Why do we need Reactome?

Researchers have defined many biological pathways, represented in scientific literature, textbooks, or electronic databases, but...

  • The information is spread across many thousands of papers.
  • It is not easily accessible for computational reuse.
  • Scientific writing is highly subjective and nuanced.
  • Text mining has trouble identifying correct relationships.


A typical graphic from the scientific literature showing signal transduction pathways

Figure 9. A typical graphic from the scientific literature showing signal transduction pathways.


Pathway information is also contained in figures or diagrams, often associated with text in the scientific literature (see example in Figure 9). Even though a picture is an intuitive way to visualise a biological process or pathway, it is not computationally accessible, or interactive, or necessarily complete and accurate.

Moreover, there are problems associated with typical figures in scientific literature and textbooks:

  • They assume that the reader is familiar with the subject, so they leave out details.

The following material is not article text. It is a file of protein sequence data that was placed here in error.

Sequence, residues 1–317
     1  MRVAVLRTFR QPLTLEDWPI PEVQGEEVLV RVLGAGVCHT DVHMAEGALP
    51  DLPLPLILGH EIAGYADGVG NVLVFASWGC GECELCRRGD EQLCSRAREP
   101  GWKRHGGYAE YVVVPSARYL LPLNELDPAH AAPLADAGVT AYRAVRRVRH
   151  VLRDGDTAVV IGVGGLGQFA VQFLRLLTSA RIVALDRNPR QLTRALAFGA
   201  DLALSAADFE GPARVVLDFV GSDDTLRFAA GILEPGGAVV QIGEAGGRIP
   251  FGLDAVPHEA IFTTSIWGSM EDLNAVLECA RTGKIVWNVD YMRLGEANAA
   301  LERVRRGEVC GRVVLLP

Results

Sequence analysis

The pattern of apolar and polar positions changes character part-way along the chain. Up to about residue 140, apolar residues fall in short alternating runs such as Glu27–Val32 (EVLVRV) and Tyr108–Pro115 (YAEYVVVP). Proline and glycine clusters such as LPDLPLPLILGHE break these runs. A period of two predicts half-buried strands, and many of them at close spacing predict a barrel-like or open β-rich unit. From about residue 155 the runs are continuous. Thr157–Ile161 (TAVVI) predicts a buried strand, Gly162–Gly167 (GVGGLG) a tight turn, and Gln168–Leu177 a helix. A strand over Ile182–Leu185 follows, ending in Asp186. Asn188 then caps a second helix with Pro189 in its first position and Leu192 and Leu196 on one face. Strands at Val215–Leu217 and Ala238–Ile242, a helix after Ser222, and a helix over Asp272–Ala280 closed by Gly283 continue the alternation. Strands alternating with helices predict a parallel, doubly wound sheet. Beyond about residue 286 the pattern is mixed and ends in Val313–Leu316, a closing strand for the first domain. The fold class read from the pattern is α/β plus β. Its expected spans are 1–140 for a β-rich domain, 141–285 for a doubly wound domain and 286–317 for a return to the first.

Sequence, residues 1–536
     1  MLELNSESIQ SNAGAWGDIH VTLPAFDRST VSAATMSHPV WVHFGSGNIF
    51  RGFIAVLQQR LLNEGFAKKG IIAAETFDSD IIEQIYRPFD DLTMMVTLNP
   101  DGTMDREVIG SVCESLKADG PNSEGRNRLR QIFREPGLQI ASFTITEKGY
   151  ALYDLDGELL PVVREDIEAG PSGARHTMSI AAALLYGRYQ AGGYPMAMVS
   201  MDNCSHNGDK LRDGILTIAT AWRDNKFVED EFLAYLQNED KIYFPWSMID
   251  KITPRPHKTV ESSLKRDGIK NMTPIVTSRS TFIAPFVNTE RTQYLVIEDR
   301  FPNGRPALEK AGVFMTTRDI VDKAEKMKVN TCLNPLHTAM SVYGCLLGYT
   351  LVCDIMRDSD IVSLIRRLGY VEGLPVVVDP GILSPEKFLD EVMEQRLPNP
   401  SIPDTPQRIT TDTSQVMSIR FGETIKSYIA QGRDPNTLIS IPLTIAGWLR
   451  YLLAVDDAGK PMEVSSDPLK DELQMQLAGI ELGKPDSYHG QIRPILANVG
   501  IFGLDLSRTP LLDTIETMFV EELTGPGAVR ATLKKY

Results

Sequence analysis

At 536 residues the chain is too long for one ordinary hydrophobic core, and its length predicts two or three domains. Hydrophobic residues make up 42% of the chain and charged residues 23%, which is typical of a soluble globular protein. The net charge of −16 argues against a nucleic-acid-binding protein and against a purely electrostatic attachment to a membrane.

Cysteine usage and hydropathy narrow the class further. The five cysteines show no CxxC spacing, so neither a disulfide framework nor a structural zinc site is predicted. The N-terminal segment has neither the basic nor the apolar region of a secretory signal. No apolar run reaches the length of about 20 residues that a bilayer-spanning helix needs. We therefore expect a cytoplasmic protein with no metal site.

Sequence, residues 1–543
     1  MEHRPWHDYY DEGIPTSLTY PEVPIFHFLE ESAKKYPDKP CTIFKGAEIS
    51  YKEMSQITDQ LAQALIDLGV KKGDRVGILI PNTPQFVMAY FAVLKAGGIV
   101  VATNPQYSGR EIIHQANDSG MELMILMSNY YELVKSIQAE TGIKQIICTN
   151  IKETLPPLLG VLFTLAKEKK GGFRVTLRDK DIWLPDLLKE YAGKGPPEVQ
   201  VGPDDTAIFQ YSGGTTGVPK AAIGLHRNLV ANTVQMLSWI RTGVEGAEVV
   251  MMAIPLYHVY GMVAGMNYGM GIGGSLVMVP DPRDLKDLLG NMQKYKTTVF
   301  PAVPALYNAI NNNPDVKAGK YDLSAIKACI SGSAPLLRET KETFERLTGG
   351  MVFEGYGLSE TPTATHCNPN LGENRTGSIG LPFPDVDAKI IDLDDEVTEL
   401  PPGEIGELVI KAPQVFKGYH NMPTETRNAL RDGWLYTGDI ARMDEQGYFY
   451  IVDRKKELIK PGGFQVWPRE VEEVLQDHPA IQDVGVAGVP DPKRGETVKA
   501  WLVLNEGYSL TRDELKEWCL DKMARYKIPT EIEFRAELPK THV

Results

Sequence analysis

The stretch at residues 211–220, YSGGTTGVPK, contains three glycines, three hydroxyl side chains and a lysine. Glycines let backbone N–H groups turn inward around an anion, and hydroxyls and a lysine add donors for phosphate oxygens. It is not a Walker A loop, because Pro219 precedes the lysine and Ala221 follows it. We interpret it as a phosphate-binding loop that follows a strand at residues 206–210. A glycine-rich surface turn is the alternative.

• The frequently promote a point of view, mixing established knowledge with hypotheses (models).
  • They rarely include citations to the supporting literature for all the represented interactions.
  • The may be out of date, or inaccurate, or controversial.


Reactome data consists of reactions and pathways based on information extracted from papers by people – biologists who are experts in their field – assisted by PhD-level curators who add structure to the information and place it in the database. This process optimises the details provided about each pathway, and makes the data accessible for computational data mining and re-use, in addition to browing by other people.

Reactome provides access to a curated, quality-assured slice of pathway information, available as diagrams and descriptions on the Reactome website and as downloadable pathways in standard formats such as BioPax and SBML.